Washington’s Dangerous New Consensus on China
Don’t Start Another Cold War
When the U.S. Department of Justice earlier this month announced indictments of 12 Russian intelligence officials for hacking the Democratic Party’s and Hillary Clinton’s e-mails in 2016, President Donald Trump’s first reaction was to blame the administration of Barack Obama for not taking action against the interference. “Why didn’t they do something about it, especially when it was reported that President Obama was informed by the FBI in September, before the Election?” he tweeted.
Trump will have no one to blame but his own administration, however, in the event of another such attack before the 2018 midterm elections. Faced with mounting evidence of continued Russian efforts “to undermine America’s democracy,” in the words of Director of National Intelligence Dan Coats, the administration needs to take concrete steps to prevent further foreign interference. For a moment last month, it looked as though this were starting to happen: reports emerged that the U.S. government had met with eight leading technology companies to discuss how to safeguard the upcoming midterm elections. It was an encouraging sign that the administration seemed to be taking the threat to the United States seriously and recognizing the critical role of the private sector in protecting the integrity of the electoral process.
Unfortunately, a closer look revealed a serious flaw in this otherwise promising engagement. The New York Times reported “a tense atmosphere in which the tech companies repeatedly pressed federal officials for information, only to be told—repeatedly—that no specific intelligence would be shared.” This tight-lipped approach was apparently one-sided. Although the tech companies were open about what kinds of disinformation they were monitoring on their platforms, “neither the F.B.I. nor the Department of Homeland Security was willing or able to share specific information about threats the tech companies should anticipate.”
Sadly, this type of impasse sounds all too familiar. Both authors served in the White House; one focused on counterterrorism, the other on technology policy. In our experience, getting the government to cooperate with the private sector so that the private sector could help the government was a critical agenda item—and a persistent uphill battle.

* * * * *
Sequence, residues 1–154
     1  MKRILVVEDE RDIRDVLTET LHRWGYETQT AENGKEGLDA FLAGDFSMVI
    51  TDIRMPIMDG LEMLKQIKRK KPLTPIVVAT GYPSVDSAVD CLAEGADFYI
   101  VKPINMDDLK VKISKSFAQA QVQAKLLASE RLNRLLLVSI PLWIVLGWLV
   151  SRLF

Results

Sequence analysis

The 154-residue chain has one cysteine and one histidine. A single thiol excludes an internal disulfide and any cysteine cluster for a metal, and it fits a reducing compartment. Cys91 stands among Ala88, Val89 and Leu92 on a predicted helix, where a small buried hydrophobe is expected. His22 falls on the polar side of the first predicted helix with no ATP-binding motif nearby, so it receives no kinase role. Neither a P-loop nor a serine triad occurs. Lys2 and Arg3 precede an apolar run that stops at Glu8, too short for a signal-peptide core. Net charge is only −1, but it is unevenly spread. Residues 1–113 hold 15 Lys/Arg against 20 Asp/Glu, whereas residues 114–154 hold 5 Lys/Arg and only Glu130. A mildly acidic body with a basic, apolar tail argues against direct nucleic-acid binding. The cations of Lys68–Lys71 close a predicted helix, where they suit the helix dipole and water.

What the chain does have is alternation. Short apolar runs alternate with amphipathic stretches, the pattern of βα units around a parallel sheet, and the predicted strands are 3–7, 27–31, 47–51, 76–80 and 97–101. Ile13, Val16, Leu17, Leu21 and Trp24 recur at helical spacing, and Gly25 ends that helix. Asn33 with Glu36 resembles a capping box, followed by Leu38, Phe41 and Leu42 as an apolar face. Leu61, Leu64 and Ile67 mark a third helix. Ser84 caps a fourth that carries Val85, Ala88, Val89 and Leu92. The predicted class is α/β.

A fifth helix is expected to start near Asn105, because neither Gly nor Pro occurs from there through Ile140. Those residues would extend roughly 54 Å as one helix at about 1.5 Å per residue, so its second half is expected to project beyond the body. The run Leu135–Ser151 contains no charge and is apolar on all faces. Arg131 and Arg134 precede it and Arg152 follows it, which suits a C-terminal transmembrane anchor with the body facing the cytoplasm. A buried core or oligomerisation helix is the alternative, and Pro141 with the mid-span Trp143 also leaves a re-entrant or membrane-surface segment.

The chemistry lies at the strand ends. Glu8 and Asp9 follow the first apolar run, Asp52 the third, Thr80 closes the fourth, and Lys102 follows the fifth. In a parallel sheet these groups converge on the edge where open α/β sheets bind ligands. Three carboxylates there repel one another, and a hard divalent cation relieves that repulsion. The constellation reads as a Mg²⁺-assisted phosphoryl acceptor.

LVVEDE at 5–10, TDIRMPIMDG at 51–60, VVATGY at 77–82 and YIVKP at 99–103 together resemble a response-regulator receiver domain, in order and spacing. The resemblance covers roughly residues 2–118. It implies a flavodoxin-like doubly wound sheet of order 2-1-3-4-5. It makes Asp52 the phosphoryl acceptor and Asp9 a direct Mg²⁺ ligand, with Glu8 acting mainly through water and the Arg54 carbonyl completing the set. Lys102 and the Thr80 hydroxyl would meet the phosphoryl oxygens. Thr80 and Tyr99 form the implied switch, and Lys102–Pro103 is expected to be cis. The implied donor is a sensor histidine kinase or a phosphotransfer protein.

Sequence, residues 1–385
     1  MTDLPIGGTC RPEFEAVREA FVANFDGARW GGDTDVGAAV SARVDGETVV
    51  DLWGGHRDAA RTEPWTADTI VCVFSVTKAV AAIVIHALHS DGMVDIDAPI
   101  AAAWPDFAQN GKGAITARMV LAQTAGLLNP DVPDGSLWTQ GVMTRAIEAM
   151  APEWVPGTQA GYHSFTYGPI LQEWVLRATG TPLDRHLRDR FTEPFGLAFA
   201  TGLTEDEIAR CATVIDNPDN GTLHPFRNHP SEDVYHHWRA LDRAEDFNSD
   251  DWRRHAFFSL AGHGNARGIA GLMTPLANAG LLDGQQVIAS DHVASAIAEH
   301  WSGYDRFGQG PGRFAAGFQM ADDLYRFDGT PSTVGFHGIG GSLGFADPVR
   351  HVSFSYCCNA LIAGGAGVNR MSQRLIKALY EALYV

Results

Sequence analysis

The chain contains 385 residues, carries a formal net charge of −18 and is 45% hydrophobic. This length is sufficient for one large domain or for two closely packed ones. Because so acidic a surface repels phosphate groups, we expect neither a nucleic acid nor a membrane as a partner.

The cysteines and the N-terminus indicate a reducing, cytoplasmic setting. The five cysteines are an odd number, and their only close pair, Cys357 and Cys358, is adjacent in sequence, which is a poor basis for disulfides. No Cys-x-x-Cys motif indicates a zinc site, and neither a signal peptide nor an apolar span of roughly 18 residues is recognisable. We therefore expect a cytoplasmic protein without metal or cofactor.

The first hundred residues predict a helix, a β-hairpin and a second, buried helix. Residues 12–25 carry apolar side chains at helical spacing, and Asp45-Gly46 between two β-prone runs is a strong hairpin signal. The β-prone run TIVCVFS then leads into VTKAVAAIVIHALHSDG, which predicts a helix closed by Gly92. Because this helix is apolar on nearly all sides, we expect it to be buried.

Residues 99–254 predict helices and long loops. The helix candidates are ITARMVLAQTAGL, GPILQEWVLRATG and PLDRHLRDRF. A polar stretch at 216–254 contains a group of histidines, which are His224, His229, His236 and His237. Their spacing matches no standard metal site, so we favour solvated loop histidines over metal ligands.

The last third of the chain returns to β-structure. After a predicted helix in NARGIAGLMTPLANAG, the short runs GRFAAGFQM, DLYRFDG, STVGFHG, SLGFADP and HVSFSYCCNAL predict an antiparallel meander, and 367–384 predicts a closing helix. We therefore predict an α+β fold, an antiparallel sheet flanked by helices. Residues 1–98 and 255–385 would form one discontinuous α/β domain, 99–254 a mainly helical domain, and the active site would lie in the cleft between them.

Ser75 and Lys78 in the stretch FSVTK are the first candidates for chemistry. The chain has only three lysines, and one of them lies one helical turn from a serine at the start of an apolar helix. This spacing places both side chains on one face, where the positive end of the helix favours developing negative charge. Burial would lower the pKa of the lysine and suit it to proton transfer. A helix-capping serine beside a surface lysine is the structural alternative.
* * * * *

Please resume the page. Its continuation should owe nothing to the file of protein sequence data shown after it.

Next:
The U.S. government is, as a general matter, not built to share intelligence on national security threats with nonstate entities. The relevant intelligence tends to be classified, even if it derives from an open source such as the Internet. Getting approval to share such information tends to be a painstakingly slow and tedious process that requires obtaining consent from many different parts of the government, from the intelligence community to law enforcement to the military, all of which have a greater incentive to deny the request than risk mistakenly sharing something sensitive.
The result is a government that’s very good at ingesting information, but very bad—and very slow—at sharing it. This is helpful for safeguarding the secrets that can be used to protect the United States and the sources and methods used to obtain them. But it’s decidedly unhelpful when the private sector, rather than the government, is on the frontlines of addressing key national security threats.
The private sector is best able to play a productive role in tackling national security challenges when informed by the government’s latest, best understanding of those challenges.
With great profits comes great responsibility. The leading U.S. technology companies owe it to the United States to help ensure that the foreign election interference the country suffered in 2016 doesn’t repeat itself in 2018 or beyond. (Indeed, one of us has set out a “checklist” of steps the tech sector should take to improve its readiness in this regard.) But recognizing the private sector’s responsibility doesn’t let the government off the hook. To the contrary, the private sector is best able to play a productive role in tackling national security challenges when informed by the government’s latest, best understanding of those challenges.
This is a lesson we’ve learned firsthand in the past decade in the area of cybersecurity. In response to an escalating series of data breaches in the years leading up to 2015, the U.S. government created a number of channels to share up-to-date information on cybersecurity threats with the private sector, with leadership from the White House, Justice Department (including the FBI), and Department of Homeland Security, among other parts of the federal government. These policy measures, the most critical of which included executive action undertaken by Obama and the passage of the Cybersecurity Act of 2015, established DHS as the hub for cyberthreat information sharing with the private sector. DHS, in turn, was charged with creating channels for real-time information sharing with the rest of the government. The department accordingly issued guidance to industry pursuant to the new law in 2016.